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  • Which Twins Could Become Free Agents Later This Week?


    Ted Schwerzler

    The World Series kicks off on Tuesday night, and following its completion (which could be as early as Saturday), Minnesota will experience an exodus of players hitting free agency. How will the roster look different a week or so from now?

    Image courtesy of David Banks, USA TODAY Sports

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    Before taking a look at the upcoming Rule 5 draft, and the players Minnesota will need to protect, it’s worth getting the lay of the land for guys headed onto the open market. Minnesota has a handful of 40 man players that will be on their way out, and some minor leaguers will also be worth keeping tabs on once they exit the organization.

    First, let’s take a look at the guys currently on the 40 man roster:
    Michael Pineda, Alexander Colome*, Andrelton Simmons

    Both Pineda and Simmons are sure to be jettisoned this week. The former is a strong candidate to re-sign with the Twins, while the latter should be expected to wind up elsewhere. Given Minnesota’s 2022 pitching outlook, bringing Pineda back to bolster the starting rotation would be an excellent decision. The one uncertain candidate here is closer Alexander Colome. He fell flat for Minnesota but did rebound somewhat down the stretch. His career numbers have been better than in 2021, and free agency isn’t a straightforward process for him. Both parties have a mutual option for 2022, and the value checks in at $5.5 million. His $1.25 million buyout is forfeited if Minnesota exercises their option but Colome declines (which would seem the least likely scenario).

    Notable Minor Leaguers:
    Melvi Acosta, Adam Bray, Trey Cabbage, Wander Javier, Hector Lujan, Carlos Suniaga, Aaron Whitefield, B.J. Boyd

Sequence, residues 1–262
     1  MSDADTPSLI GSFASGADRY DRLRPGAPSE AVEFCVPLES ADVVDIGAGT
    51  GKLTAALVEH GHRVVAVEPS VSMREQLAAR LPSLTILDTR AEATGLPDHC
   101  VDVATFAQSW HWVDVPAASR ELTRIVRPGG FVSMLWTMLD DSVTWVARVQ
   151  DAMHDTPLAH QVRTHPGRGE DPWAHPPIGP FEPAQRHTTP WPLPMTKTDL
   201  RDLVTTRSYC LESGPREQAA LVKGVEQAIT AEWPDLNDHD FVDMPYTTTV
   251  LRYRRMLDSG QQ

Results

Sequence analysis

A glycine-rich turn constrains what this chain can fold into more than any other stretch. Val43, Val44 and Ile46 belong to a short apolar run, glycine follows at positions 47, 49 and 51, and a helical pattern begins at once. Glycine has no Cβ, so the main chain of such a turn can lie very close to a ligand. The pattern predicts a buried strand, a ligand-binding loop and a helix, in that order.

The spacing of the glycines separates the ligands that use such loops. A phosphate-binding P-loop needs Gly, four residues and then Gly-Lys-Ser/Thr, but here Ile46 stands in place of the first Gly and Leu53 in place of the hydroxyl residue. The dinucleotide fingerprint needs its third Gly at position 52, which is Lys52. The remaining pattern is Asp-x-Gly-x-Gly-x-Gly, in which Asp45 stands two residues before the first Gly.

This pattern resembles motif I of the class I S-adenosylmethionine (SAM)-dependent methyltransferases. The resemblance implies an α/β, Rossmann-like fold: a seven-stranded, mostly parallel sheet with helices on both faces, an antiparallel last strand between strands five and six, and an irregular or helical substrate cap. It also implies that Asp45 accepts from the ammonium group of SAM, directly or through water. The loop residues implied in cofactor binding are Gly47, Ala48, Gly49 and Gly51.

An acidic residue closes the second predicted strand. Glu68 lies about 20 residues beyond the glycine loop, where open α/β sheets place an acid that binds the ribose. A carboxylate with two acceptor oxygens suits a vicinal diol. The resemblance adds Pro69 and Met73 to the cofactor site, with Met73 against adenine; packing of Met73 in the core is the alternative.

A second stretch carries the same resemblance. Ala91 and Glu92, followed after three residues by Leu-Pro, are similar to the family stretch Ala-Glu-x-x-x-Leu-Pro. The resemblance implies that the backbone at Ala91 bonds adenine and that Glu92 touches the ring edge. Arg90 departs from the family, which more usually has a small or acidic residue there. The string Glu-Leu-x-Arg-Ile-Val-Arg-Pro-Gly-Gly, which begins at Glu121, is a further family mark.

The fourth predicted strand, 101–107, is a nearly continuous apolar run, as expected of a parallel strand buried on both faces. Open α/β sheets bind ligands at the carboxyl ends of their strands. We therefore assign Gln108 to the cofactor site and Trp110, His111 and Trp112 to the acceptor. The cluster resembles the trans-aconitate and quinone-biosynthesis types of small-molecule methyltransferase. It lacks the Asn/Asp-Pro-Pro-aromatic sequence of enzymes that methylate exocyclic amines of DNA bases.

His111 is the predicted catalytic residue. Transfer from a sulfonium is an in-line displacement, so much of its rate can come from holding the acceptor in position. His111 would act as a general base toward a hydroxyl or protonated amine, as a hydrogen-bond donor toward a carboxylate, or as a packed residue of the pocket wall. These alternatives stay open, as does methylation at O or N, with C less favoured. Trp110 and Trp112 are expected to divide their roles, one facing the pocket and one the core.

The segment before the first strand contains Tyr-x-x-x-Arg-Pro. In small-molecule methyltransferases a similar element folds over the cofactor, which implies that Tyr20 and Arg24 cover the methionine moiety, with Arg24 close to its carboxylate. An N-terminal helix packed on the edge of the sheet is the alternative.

The three most prominent names in this group are sandwiched in the middle. Trey Cabbage was a 4th round pick in the 2015 draft. He reached Double-A Wichita this season and posted an .882 OPS over 68 games. It was a solid season for the 24-year-old. Minnesota could consider a 40 man roster addition, but if not, he’ll reach the open market for the first time.

    Once a top prospect, Wander Javier finds himself at a critical juncture in his career. He’ll be 23-years-old next season and has played in just 226 professional games. Between injuries and ineffectiveness, things just have never followed the tools that have impressed through evaluations. Javier was at Cedar Rapids last season, although it did represent High-A this time around. He posted a sub-.700 OPS but did show flashes after a very slow start. He may find a better path forward in a different organization.

    Lujan represents a definite grinder when it comes to prospects. He was a 35th round pick back in 2015 but reached Double-A during the 2019 season. Pitching all of 2021 for Wichita, the numbers looked good enough for Triple-A or big-league consideration. Nothing is extremely flashy for the reliever, but there are solid numbers across the board, and he could factor as a depth middle-reliever.

    The other pitchers noted above have shown flashes of capability that could be useful at the big league level. Acosta, Bray, and Suniaga are more unknown names but have made a presence for themselves through performance. In the box, Whitefield has previously debuted with the Twins while Boyd put up strong numbers at Double-A in 2021.